Warfarin and mechanical valves

I had my aortic valve replaced with a mechanicel valve 3 years ago and have since been on warfarin, it all started well but over the last 3 months my INR has become very erratic and I'm now taking warfarin and injecting tinsiparin, I have an appointment with my GP tomorrow and I'm going to ask about self testing is there any help or advice you can give, I have AXAPPP insurance.

12 December 2016

Thank you for contacting Health at hand.

Warfarin is an anticoagulant that has been successfully used in the UK for many years.

It is used in many conditions where there is a high risk of blood clot so it is used to prevent these clots from occurring. Deep Vien thrombosis, Pulmonary embolism, Atrial fibrillation and heart valve replacements are just a few such condition.

How does Warfarin work?

Warfarin stops the action of Vitamin K. When you have a cut the body plugs the cut with a clot. When the blood starts to clot it sets into action a series of complex chain of protein changes into motion, bit like a domino effect. These blood proteins are known as coagulation factors. They are mainly made in the liver and they require vitamin K for these changes to occur. Warfarin blocks the action of vitamin K in the liver so decreases the tendency to form clots. It acts to prolong the bleeding time also known the prothrombin time.

Warfarin prevents existing clots getting bigger and new clots from forming thereby preventing strokes, heart attacks and clot in the lungs.

Of course uncontrolled bleeding can be fatal so the amount of anticoagulation that is required needs to be monitored carefully. The intensity of anticoagulation is expressed as INR.

What is INR?

INR is an abbreviation of the International Normalised Ratio. INR is a measure of how long it takes a given amount of blood to clot for a person who is taking Warfarin compared to how long it takes for the same amount of blood of an average person who is not on warfarin. If your INR is 3 then it takes three times as long for your blood to clot then an average person.

In other words INR is the prothrombin time expressed as a ratio of the clotting time for patient plasma divided by the clotting time for control plasma corrected by a standardising factor. The higher the INR the greater the risk of bleeding. If the INR of a person who is on Warfarin is too low then the greater the chance of a clot forming. This is why it is important for a person on Warfarin to be within the target INR limits.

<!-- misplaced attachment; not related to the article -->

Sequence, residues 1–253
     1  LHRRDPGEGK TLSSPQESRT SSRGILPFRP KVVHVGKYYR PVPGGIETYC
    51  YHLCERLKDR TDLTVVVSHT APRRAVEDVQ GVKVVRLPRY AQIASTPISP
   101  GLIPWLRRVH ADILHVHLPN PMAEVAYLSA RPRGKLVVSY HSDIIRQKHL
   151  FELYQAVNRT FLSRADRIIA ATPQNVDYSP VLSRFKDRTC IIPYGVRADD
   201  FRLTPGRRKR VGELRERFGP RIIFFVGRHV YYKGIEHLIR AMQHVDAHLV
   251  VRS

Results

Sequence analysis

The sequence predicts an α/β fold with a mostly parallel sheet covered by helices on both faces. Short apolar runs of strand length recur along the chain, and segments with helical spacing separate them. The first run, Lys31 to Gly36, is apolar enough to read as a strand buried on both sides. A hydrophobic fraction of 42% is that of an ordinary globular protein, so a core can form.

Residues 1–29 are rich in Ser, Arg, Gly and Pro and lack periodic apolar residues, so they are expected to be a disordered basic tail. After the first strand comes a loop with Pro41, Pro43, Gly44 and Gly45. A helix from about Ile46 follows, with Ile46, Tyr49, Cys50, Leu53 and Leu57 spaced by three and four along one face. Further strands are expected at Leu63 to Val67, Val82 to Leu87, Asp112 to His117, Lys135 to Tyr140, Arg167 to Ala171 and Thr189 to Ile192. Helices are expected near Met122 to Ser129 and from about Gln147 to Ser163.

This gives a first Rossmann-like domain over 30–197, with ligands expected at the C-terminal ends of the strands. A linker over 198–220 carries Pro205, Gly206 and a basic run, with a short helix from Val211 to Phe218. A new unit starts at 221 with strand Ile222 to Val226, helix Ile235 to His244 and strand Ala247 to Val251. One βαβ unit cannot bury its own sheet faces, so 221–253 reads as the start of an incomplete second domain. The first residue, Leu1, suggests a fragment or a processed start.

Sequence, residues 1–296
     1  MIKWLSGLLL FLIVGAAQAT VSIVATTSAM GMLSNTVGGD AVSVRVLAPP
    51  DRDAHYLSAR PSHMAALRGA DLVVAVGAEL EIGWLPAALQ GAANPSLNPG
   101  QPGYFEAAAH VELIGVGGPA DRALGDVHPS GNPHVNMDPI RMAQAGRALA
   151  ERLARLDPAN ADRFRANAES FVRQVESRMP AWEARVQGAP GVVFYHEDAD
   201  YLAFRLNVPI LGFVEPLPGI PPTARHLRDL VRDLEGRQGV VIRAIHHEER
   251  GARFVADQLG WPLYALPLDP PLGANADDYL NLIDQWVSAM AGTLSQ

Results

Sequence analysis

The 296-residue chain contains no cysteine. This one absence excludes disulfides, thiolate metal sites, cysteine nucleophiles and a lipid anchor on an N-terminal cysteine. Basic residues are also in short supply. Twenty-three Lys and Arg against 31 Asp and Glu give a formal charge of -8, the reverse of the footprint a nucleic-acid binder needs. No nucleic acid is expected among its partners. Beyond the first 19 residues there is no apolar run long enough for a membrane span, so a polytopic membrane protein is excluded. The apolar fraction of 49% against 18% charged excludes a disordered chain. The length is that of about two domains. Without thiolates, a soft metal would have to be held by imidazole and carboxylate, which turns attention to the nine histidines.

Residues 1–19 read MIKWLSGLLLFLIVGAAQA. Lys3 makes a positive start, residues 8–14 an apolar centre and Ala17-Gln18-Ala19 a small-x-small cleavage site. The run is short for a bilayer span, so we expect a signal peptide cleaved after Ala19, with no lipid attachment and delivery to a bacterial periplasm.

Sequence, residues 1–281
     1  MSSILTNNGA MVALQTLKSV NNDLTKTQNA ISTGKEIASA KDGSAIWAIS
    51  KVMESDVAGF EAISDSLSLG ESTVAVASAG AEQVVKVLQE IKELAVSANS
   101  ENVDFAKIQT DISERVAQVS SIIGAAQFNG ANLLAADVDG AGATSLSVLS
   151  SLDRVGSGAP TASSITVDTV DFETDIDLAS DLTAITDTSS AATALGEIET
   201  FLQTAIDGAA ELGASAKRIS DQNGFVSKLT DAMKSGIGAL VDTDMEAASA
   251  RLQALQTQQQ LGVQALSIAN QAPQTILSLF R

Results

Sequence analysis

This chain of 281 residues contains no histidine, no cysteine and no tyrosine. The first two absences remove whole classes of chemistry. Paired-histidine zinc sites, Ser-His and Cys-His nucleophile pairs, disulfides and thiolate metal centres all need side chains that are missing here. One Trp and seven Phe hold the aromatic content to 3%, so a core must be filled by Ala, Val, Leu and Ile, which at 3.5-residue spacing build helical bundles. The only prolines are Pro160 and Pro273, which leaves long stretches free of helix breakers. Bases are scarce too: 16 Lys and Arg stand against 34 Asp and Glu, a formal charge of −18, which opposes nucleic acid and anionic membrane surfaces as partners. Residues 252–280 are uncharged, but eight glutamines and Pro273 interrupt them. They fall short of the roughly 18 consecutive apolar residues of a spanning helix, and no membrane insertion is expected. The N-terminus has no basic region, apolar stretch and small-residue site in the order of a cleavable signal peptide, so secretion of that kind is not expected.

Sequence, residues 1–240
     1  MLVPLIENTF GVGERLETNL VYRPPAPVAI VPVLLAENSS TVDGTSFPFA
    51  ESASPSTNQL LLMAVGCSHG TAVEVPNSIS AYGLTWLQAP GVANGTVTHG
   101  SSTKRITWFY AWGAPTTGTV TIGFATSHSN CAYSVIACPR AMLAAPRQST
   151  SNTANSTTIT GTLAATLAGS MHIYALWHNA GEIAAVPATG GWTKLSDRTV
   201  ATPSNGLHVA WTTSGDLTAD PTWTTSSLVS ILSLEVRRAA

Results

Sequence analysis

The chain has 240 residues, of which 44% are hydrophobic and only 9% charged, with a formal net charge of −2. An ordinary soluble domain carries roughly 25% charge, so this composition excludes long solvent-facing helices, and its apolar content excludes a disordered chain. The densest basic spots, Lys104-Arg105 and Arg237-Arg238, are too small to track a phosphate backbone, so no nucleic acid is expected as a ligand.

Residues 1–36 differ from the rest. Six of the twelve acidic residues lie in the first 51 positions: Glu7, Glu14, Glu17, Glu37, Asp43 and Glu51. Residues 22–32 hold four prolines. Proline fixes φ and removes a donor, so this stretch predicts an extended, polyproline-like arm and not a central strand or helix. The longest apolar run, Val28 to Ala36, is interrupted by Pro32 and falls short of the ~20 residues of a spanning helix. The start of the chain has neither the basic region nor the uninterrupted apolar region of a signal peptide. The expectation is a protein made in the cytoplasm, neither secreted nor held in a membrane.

If your INR is lower than required the clinic may increase your dose of warfarin and monitor your INR more closely. If it is very high then you may be given vitamin K to bring it down.Again your INR will be closely monitored.

Why are my INR readings erractic?

There are many factors that can affect your INR readings and these include;

  • Changes in diet.

Vegetables such as spinach, broccoli, Brussel sprouts, avocado and other vegetables and fruits such as berries figs have a large amount of vitamin K. If you keep drastically changing the amount of these vegetables you eat you will vary the amount of vitamin K that is in your body. Since Warfarin blocks the action of vitamin K you will need different amount of Warfarin to cope with the changing amount of vitamin K in your body. Therefore if you keep to the same amount of vegetables everyday you will have a stable INR.

  • Changes in Alcohol

You can drink alcohol whilst you are on Warfarin as long as you drink in moderation and keep to within the limits set by the NHS. They recommend 14units per week for men and women.

  • Drinking cranberry juice
  • Medications

Some medications including some antibiotics can affect your INR causing it to go up or down. Your anticoagulation booklet with tell you that you cannot take Non-Steroidal anti-inflammatory NSAIDs such as Ibuprofen so you know you should not have these. However, what you may not be aware of that sometimes Paracetamol can also affect your INR so always check with your pharmacist. If you are on any new medication inform your pharmacist, doctor or healthcare professional at the anticoagulant clinic.

  • Herbal medications and over the counter medications and supplements

Ginko biloba may increase your risk of bleeding. St John’s Wort, ginseng and garlic tablets may reduce blood levels of warfarin. Before you start taking any herbal supplement or any over the counter medicines or supplements always check with your pharmacist or doctor or healthcare professional.

If you are partaking in any of the above factors than this could account for your erratic INR results.

What is Tinzaparin?

Tinzaparin is low molecular weight heparin LMWH. LMWH are injections that vary in strength like other medicines the dose is specific to each patient based on their weight and requirement.

How does it work?

LMWH enhance the effect of certain coagulation factors thereby prevent clots. They are given by injection into fat usually in the tummy once or twice daily. Tinzaparin may lower platelets so it is not given on a long-term basis.

All LMWH are derived from pork. People who cannot use pork derived products due to religious reasons will need alternative anticoagulant called Fondaparinux.

Newer anticoagulant agents NOACs

Recently Dabagatrin, Rivaroxaban, Apixaban and Endoxaban have been introduced as alternatives to Warfarin. They are also known collectively as NOACs. However they are not licensed to be used to prevents clots if you have mechanical valves.

Further information

The websites below will provide more information;

We think you should wait and see what your doctor has to say tomorrow. Please do not hesitate to contact us if you need further information.

Answered by the Health at Hand nurses  

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